With no sign of any dissent, the Supreme Court on Tuesday refused to temporarily bar the Securities and Exchange Commission from continuing to use its administrative law judges to review claims of fraud in the investment markets. Without explanation, the Court turned down a request by a New York City investment firm to stop an enforcement proceeding being handled by an ALJ.
The firm, Patriarch Partners, had told the Court that it plans to go forward with an appeal to the Justices on the question of whether the use of the ALJs is unconstitutional because those judges were not put in office by action of the President and the Senate. The ALJs are chosen by an internal process at SEC.
The Justice Department, in resisting the Patriarch request, had argued that the firm would be able to press its constitutional challenge later if, at the end of all of the proceedings before SEC, it turns out that some kind of punishment is imposed on the firm and its CEO, Lynn Tilton. Such a challenge should not be allowed to go ahead until the SEC has finished, the department contended.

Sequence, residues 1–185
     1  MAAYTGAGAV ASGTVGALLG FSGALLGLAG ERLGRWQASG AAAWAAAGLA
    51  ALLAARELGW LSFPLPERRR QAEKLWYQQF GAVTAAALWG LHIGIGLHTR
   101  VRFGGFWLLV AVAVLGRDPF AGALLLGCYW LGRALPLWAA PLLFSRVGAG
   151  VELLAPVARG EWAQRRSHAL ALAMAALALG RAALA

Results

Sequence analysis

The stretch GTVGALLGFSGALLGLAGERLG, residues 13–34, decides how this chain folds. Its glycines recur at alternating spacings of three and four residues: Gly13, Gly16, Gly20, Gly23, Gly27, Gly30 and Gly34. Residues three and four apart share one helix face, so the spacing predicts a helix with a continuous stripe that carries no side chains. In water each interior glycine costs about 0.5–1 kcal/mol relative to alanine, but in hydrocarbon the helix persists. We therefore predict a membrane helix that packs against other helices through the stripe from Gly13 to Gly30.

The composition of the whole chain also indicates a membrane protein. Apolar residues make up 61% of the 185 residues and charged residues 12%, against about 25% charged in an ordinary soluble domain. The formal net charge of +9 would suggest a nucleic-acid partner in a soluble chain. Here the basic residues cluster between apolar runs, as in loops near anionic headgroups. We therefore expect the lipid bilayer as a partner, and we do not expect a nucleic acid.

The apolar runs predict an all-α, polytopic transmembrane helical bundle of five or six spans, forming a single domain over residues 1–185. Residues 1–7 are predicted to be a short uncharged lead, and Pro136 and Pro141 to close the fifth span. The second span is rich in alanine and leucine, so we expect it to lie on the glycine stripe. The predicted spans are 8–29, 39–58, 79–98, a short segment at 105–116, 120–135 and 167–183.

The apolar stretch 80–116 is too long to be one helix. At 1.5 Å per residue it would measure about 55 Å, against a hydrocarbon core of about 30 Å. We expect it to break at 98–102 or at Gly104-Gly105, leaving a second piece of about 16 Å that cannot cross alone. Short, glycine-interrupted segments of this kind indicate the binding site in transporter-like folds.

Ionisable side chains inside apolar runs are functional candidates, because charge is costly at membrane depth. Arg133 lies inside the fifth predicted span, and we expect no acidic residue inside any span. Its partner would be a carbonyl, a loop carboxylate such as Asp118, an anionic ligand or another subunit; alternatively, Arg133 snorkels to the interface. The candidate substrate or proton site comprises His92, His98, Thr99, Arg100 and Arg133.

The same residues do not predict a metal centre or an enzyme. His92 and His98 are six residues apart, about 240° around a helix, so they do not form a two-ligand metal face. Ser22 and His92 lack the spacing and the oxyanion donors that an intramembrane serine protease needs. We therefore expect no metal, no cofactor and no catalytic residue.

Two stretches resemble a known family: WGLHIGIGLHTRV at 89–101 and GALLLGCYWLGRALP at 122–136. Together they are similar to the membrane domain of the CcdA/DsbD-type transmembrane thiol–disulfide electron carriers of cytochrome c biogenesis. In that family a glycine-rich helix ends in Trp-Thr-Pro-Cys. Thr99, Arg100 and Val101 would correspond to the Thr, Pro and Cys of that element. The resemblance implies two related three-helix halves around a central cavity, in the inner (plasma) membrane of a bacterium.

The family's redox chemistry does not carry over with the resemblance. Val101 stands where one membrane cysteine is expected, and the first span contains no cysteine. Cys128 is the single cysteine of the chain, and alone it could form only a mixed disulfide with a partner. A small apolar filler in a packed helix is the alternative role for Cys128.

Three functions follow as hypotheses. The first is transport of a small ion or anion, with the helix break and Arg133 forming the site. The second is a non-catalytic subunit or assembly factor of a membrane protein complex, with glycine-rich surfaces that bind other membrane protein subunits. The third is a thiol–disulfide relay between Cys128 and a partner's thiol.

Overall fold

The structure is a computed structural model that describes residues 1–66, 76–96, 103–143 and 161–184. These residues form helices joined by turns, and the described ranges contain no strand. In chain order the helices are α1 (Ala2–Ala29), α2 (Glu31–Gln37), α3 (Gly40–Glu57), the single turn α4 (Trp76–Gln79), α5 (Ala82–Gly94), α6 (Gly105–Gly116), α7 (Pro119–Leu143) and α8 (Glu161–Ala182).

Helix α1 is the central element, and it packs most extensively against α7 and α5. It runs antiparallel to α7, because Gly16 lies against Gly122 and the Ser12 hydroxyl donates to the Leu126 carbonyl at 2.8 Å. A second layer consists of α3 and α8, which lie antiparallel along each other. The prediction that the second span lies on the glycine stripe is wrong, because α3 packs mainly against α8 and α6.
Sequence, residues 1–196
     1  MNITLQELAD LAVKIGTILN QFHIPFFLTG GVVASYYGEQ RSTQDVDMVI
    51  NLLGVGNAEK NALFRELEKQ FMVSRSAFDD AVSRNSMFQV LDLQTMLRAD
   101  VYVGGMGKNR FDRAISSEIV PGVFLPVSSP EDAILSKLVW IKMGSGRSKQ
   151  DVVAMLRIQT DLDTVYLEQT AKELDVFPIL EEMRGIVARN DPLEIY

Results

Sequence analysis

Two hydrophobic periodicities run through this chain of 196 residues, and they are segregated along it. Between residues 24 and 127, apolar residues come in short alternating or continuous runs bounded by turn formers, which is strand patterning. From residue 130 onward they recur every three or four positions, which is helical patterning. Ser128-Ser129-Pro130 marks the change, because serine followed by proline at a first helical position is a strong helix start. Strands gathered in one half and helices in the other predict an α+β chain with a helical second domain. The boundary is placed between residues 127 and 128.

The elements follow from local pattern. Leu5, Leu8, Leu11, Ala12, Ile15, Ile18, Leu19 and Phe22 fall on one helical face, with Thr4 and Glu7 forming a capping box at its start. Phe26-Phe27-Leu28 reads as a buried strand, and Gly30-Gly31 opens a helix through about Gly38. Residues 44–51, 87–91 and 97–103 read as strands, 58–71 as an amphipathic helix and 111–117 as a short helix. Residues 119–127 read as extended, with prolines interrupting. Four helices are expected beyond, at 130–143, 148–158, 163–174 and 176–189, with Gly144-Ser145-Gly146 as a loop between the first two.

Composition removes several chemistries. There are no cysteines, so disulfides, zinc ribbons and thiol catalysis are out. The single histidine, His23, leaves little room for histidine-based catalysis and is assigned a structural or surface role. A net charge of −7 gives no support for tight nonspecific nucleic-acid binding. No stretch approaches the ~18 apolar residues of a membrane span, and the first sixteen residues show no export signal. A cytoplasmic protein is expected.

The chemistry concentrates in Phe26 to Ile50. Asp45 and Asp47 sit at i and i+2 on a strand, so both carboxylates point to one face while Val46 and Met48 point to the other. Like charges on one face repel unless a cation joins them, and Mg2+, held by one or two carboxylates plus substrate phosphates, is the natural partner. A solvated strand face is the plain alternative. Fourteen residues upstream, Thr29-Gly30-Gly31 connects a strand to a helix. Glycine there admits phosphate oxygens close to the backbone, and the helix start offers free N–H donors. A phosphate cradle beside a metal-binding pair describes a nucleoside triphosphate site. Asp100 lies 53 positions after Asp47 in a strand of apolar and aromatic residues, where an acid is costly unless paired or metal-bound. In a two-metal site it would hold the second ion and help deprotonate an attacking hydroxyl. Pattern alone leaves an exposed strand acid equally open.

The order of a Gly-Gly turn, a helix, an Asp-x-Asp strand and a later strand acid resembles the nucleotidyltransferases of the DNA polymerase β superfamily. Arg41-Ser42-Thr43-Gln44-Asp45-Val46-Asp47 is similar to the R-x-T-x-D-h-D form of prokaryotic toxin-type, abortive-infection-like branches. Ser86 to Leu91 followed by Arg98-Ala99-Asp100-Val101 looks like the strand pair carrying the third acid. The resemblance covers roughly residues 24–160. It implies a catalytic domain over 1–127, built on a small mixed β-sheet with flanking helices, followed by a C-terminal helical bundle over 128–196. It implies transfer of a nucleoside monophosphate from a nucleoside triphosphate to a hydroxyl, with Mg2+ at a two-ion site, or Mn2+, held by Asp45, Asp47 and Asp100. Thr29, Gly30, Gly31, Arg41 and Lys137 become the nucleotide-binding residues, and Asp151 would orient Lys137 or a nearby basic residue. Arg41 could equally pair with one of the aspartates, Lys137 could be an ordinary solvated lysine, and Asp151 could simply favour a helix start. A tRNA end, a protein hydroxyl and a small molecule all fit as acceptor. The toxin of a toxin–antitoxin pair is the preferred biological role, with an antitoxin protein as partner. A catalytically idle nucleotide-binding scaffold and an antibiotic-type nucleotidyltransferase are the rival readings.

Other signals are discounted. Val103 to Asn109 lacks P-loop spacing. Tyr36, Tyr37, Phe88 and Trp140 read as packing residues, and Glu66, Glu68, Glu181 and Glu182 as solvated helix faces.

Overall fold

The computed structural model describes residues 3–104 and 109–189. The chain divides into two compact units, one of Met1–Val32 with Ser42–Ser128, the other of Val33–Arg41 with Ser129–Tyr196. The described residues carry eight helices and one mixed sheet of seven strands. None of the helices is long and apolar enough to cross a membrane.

Among other arguments, the department asserted that the SEC might even decide not to impose any enforcement order against Patriarch as a way of avoiding having the result questioned as the result of an unconstitutional procedure.
The firm and its CEO have expressed fear that the case now unfolding at the SEC could result in an order banning Tilton for life from the securities industry. That draconian outcome, it was argued, should not emerge from a constitutionally flawed process. The firm argued that, when a case goes before an ALJ, the accused firm seldom wins. An ALJ proceeding, it said, was a “stacked-deck.”
The issue of the constitutionality of ALJs, especially at the SEC, is now under review in two federal appeals courts. So far, one appeals court has ruled on the issue, in favor of the ALJs.
In the case of Patriarch Partners, the U.S. Court of Appeals for the Second Circuit did not rule on the constitutional issue, since it concluded that federal courts have no jurisdiction to hear such a challenge until after the SEC has finished a proceeding.
The charges against Patriarch and its CEO are that they violated the Investment Advisers Act in making inadequate disclosures to investors in the debt instruments they sell. The Patriarch funds make loans to distressed companies as a way of restructuring them.